Six principal themes have been identified; they can be regrouped into three domains of experience: perception of the loss of control of the symptoms, intensity of distress and awareness of ambivalence. These three domains of experience that together drive the women towards asking for help and more precisely for in-patient treatment reveal a process of awareness at three levels. First, the patients seem to be developing an awareness of their loss of control over their symptoms. This result is interesting because it echoes the need for control that characterises individuals with anorexia nervosa. The feeling of control that they perceived at the beginning of and throughout the disorder has progressively been replaced by a feeling of helplessness and impotence in the face of the disease. At this stage, the women appear to be able to ask for help, especially to regain this capacity for control. This result is in line with what Reid et al [19] have evidenced in a qualitative study of anorexia nervosa patients seeking for outpatient treatment: ‘the struggle to retain control resulted in some feeling desperate and suicidal, leading them to seek treatment’. The second level of awareness is this of the suffering and its intensity. Here, again, awareness of the distress linked to the disease echoes the initial phase of well-being engendered by weight loss. More generally, awareness of the suffering is the counterpoint to the initial positive self-reinforcement process, as Serpell et al showed [20], describing the major disease-linked benefits anorectic women initially feel, such as ‘feeling protected, gaining a sense of confidence, and feeling different’. Similarly, Nordbo et al [21] hypothesize that anorexia nervosa may procure a ‘feeling of stability, security and mental strength’ for women with this disease, thus enabling them to ‘avoid negative emotions’. Finally, the third dimension corresponds to the awareness of their ambivalence and specifically of their inner struggle. It appears that the patients realise they cannot cure themselves all alone, that they actually need specialised help and that this ambivalence makes outpatient care difficult. This awareness of the need for help again echoes the propensity of patients with anorexia to associate their desire for autonomy with doing ‘it all by themselves’. Indeed, anorexia nervosa often begins at a moment in their lives when young women begin to want to become autonomous. At the beginning of the disease, anorexia nervosa allows them to affirm themselves, to differentiate themselves from others and to create a distance from their family that gives them a feeling of independence [22]. Anorexia nervosa also has a role in providing an identity – the “anorexic identity” – as reported by Jenkins et al [23]. Patients who have recovered explain that the disease defined them as a person and that the recovery process implies the management and the change of this ‘anorexic identity’.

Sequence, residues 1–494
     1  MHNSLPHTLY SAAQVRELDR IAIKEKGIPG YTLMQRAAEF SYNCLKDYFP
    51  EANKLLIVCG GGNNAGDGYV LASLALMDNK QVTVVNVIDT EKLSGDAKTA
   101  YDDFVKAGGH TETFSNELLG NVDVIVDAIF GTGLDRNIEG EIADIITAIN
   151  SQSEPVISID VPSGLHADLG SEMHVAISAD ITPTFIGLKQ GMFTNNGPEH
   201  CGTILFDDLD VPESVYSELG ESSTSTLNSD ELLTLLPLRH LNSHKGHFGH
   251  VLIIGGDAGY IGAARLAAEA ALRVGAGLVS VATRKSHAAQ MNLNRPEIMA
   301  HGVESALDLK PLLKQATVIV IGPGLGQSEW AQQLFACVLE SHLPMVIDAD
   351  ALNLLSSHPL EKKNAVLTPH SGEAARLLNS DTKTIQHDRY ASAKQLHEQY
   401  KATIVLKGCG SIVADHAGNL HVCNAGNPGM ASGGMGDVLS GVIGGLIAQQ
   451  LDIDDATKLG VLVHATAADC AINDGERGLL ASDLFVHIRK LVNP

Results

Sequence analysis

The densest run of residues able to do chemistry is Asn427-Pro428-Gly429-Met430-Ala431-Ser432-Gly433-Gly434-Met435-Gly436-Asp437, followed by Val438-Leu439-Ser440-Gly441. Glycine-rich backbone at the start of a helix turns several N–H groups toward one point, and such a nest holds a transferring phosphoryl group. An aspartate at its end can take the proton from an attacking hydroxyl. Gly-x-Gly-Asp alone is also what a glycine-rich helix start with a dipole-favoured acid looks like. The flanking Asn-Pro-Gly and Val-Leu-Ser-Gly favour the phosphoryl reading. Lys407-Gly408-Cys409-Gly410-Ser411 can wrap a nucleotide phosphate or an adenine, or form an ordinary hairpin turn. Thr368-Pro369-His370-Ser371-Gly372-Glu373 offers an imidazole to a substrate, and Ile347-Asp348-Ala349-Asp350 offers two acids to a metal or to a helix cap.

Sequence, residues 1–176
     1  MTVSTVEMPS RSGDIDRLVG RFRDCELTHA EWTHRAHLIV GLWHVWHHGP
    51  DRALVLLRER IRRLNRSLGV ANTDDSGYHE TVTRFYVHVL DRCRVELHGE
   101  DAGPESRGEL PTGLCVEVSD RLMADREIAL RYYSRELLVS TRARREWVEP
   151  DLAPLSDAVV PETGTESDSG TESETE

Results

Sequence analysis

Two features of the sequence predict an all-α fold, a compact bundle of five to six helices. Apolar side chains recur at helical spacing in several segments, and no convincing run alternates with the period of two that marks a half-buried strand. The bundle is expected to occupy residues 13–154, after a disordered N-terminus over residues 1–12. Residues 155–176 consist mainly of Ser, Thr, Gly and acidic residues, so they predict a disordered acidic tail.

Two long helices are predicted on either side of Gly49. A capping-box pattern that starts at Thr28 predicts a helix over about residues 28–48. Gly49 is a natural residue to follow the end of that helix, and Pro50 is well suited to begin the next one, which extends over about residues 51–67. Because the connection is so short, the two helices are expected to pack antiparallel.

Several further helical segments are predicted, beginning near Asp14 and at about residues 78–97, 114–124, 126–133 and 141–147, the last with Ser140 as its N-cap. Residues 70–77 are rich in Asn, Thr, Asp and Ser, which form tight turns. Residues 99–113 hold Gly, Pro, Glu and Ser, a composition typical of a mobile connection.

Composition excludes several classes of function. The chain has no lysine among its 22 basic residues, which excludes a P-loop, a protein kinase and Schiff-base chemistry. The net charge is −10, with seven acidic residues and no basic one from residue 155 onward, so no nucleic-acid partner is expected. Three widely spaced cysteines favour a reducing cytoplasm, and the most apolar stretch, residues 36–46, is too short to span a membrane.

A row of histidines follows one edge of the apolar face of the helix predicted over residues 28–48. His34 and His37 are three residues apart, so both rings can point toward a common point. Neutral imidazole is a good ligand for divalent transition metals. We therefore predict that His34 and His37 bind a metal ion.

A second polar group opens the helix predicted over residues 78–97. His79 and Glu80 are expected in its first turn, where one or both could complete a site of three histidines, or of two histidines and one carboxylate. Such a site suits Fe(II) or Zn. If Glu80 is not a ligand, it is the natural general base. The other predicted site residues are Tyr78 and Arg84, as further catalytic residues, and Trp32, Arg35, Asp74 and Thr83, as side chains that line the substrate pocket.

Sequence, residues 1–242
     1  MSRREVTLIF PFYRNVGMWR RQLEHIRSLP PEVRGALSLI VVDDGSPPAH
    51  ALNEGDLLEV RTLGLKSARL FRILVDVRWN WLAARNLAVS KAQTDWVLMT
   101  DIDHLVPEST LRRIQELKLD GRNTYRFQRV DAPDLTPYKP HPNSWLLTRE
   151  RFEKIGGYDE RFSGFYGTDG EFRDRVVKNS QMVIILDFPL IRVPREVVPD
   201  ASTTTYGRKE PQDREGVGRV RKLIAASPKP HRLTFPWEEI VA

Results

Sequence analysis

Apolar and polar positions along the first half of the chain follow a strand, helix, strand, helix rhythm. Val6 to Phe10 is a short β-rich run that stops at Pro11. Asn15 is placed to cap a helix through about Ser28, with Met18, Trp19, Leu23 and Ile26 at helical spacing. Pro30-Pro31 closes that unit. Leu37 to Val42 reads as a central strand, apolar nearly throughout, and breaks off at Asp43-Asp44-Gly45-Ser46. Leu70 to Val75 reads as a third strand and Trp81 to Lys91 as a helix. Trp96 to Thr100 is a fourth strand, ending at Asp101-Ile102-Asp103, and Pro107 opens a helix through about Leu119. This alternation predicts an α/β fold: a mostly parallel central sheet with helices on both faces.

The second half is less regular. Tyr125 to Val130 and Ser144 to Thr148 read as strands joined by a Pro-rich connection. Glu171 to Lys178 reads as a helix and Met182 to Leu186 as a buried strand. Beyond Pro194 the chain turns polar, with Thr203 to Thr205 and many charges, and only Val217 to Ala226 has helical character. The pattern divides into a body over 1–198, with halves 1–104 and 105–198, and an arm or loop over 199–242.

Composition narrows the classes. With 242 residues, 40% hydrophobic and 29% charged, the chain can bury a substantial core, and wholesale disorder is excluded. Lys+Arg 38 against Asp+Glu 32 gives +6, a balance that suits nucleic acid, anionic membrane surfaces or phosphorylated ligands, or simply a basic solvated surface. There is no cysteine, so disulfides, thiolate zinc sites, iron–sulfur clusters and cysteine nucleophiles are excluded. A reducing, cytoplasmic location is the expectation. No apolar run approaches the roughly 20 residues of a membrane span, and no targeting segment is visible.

The three levels of this awareness thus conflict point by point with the initial experience of the disease and especially the feeling of control, the absence of distress or complaints, and the demand for autonomy and independence. Our study suggests that patients request in-patient treatment when the initial positive reinforcement and maintenance processes are no longer effective.

Another interesting result is that the reasons mentioned by the women for the request for in-patient treatment were eminently subjective and personal. Their request for admission to hospital was part of a personal process that seems to follow their personal experience of their increasing awareness. This result is the opposite of what has been suggested by earlier studies, which indicated that women agree to be admitted because they give in to pressure from their families or caregivers [24].

In addition, it could be noted a discrepancy between the medical priorities and the patients’ perspective. For the women, the decision to be treated as an in-patient appears to be focused on an internal process by which they become aware of their loss of control, of the intensity of their distress and of their ambivalence. On the other hand, the medical criteria for hospitalisation focus more on the physical emergency [8]. This discrepancy in physician and patient priorities has already been described by clinicians [25,26], but never previously demonstrated by the discourse of the women themselves. According to Guarda et al [25], individual motivation for treatment is linked to their desire to obtain a ‘moment of respite from the physical and psychological consequences of their disorders but without gaining significant weight’. The doctor-patient encounter is successful when they share the same priorities.